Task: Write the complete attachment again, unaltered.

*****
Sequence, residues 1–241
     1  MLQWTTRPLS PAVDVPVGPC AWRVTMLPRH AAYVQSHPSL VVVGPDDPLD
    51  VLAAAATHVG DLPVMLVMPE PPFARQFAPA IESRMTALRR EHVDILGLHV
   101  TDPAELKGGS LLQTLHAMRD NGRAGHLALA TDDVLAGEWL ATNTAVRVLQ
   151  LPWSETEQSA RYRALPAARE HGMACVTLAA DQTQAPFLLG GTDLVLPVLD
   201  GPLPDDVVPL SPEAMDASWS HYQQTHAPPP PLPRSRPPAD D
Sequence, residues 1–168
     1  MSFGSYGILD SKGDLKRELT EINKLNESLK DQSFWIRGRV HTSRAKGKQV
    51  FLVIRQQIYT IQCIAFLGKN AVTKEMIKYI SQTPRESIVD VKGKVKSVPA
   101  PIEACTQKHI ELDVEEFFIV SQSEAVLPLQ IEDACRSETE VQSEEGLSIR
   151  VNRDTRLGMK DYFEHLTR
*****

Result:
Sequence, residues 1–241
     1  MLQWTTRPLS PAVDVPVGPC AWRVTMLPRH AAYVQSHPSL VVVGPDDPLD
    51  VLAAAATHVG DLPVMLVMPE PPFARQFAPA IESRMTALRR EHVDILGLHV
   101  TDPAELKGGS LLQTLHAMRD NGRAGHLALA TDDVLAGEWL ATNTAVRVLQ
   151  LPWSETEQSA RYRALPAARE HGMACVTLAA DQTQAPFLLG GTDLVLPVLD
   201  GPLPDDVVPL SPEAMDASWS HYQQTHAPPP PLPRSRPPAD D
Sequence, residues 1–168
     1  MSFGSYGILD SKGDLKRELT EINKLNESLK DQSFWIRGRV HTSRAKGKQV
    51  FLVIRQQIYT IQCIAFLGKN AVTKEMIKYI SQTPRESIVD VKGKVKSVPA
   101  PIEACTQKHI ELDVEEFFIV SQSEAVLPLQ IEDACRSETE VQSEEGLSIR
   151  VNRDTRLGMK DYFEHLTR